Pa. gaming board keeps restriction on DeNaples

Businessman Louis A. DeNaples
Businessman Louis A. DeNaples
Posted: March 21, 2014

The Pennsylvania Gaming Control Board said no dice Wednesday to lifting restrictions on Scranton businessman Louis A. DeNaples' dealings with Mount Airy Casino in Mount Pocono, Pa.

DeNaples, whose businesses include banking, auto-parts, and landfill interests, developed Mount Airy but was forced to turn it over to his daughter after being charged in 2008 with lying to the board about ties to reputed mobsters.

A Dauphin County Court judge in May 2011 ordered the record of DeNaples' prosecution expunged after the Pennsylvania Supreme Court intervened to have the perjury charges against DeNaples dropped.

Nevertheless, a June 2012 order by the gaming board said DeNaples was still not allowed, directly or indirectly, to benefit financially from the casino without first getting board approval.

Mount Airy asked the gaming board last year to lift that restriction, enabling businesses owned by DeNaples to supply goods, such as auto parts, and services, such as garbage hauling, to the casino at cost.

Officials in the gaming board's Office of Enforcement Counsel were open to that, but first they wanted to complete their background investigation.

It didn't matter to those officials how much money was at stake in potential business dealings between DeNaples and Mount Airy.

"If it's one cent, he needs to undergo a background investigation," Cyrus Pitre, the gaming board's chief enforcement counsel, said at a January hearing. "We cannot ignore the history. To ignore that history would be to ignore everything. We might as well just take the previous records of this board and set them afire."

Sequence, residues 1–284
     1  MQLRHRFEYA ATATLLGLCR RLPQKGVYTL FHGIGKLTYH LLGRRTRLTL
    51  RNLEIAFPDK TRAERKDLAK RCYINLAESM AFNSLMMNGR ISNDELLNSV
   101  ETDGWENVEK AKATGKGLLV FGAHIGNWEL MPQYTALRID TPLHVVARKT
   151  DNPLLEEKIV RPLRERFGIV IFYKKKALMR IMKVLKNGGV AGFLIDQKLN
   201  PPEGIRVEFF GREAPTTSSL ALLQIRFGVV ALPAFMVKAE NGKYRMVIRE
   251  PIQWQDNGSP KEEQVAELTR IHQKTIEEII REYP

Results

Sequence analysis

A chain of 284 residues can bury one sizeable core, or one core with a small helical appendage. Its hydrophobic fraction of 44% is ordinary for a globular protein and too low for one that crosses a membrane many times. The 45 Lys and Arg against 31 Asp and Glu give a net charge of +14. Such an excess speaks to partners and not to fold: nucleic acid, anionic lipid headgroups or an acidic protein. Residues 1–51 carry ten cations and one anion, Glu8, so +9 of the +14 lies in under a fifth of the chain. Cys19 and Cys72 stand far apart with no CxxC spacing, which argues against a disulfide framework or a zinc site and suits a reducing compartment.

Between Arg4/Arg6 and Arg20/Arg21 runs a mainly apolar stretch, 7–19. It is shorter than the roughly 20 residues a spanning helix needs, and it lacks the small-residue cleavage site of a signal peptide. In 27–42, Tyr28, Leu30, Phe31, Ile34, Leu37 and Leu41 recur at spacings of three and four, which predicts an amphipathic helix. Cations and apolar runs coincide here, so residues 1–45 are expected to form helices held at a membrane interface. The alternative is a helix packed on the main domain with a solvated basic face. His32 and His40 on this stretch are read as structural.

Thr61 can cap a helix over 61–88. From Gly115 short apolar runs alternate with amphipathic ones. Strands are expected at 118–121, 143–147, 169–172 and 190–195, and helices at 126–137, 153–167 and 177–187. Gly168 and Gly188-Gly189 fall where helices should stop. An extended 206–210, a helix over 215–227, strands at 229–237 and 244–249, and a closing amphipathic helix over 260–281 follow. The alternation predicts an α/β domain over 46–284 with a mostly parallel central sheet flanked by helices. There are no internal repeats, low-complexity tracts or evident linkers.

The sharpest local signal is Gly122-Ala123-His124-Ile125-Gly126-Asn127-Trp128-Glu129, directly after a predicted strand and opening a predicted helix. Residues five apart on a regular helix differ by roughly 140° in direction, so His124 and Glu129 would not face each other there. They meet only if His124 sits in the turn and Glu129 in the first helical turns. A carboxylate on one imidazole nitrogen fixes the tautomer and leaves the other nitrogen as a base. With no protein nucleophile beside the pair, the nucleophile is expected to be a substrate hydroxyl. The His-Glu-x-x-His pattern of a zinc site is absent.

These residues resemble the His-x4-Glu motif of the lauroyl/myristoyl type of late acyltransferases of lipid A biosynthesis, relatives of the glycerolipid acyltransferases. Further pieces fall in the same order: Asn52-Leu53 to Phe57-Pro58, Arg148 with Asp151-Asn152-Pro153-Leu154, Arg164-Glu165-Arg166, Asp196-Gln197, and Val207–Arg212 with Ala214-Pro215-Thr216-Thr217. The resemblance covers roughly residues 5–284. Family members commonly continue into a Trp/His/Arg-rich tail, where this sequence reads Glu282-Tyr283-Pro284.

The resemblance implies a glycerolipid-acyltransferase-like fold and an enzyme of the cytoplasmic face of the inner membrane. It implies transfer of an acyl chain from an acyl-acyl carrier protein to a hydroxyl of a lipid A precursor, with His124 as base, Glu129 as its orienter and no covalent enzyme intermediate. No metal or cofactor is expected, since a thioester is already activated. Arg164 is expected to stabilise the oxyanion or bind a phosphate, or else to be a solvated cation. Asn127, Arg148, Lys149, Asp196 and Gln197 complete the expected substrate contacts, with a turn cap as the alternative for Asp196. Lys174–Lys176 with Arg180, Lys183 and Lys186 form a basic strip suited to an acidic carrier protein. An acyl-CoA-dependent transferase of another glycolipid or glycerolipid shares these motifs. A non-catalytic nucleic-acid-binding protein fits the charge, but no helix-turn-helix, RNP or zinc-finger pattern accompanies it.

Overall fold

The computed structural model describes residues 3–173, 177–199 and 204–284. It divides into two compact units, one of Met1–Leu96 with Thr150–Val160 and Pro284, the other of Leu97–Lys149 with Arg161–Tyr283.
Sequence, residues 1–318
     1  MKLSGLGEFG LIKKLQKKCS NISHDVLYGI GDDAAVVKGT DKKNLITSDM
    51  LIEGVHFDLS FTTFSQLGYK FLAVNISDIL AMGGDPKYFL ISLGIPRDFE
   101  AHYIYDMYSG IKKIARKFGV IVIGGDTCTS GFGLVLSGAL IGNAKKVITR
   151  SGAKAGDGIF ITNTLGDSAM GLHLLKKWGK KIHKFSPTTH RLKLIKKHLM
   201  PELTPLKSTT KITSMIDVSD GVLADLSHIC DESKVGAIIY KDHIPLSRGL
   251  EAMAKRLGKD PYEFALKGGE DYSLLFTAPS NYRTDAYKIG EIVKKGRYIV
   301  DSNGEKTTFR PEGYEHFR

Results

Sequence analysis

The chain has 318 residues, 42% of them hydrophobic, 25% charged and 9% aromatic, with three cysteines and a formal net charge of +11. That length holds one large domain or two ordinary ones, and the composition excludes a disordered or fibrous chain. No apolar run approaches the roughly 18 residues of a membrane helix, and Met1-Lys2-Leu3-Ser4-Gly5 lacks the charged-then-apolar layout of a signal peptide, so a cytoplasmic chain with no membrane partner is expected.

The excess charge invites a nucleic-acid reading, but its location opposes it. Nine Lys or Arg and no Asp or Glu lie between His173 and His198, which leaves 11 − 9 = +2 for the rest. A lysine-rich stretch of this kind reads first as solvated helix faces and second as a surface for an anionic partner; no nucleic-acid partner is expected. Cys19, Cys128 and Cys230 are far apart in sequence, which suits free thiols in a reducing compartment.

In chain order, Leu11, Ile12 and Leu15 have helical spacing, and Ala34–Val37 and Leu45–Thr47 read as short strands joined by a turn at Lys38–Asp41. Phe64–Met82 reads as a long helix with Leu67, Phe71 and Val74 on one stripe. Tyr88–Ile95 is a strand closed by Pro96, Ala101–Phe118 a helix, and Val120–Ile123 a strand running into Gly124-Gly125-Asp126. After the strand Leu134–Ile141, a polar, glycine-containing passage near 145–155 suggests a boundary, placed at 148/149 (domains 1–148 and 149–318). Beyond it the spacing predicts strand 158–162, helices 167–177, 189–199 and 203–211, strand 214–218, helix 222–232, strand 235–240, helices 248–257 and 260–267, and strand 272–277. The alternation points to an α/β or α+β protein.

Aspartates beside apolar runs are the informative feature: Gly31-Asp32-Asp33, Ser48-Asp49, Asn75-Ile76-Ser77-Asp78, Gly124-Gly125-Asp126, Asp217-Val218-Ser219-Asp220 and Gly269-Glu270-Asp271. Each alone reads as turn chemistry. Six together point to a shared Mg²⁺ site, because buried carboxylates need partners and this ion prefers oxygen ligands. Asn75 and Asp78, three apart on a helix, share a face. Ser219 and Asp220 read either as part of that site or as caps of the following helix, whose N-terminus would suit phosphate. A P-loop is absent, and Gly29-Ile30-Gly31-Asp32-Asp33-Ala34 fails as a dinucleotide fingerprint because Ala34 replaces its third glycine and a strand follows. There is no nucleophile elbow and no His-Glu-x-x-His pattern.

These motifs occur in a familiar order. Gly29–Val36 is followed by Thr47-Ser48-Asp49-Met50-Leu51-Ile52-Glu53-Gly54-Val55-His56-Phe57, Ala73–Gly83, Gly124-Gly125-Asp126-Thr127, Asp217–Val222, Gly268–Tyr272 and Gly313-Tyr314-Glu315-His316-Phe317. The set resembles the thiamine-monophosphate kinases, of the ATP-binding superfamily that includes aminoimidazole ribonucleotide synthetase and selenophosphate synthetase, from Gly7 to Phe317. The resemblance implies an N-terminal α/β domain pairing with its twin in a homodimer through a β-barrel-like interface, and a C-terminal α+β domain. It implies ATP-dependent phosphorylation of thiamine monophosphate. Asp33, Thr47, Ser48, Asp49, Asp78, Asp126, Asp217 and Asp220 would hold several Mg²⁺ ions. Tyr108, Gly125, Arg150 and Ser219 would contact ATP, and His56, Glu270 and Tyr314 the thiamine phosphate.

The result of the January hearing was that Pitre's office and lawyers for Mount Airy were given 60 days to agree on the scope of a background investigation required of DeNaples.

"As of this date, the parties have reported that the office enforcement counsel and Mount Airy's counsel have not been able to reach an agreement as to the scope of the background investigation," R. Douglas Sherman, the gaming board's chief counsel, told the gaming board Wednesday.

The board then voted unanimously to keep the restriction in place - though it remained open to modifying its order if DeNaples passed a background investigation.

Mount Airy's attorney, Michael D. Sklar, of Levine, Staller, Sklar, Chan & Brown, in Atlantic City, had no comment.


hbrubaker@phillynews.com

215-854-4651 @InqBrubaker

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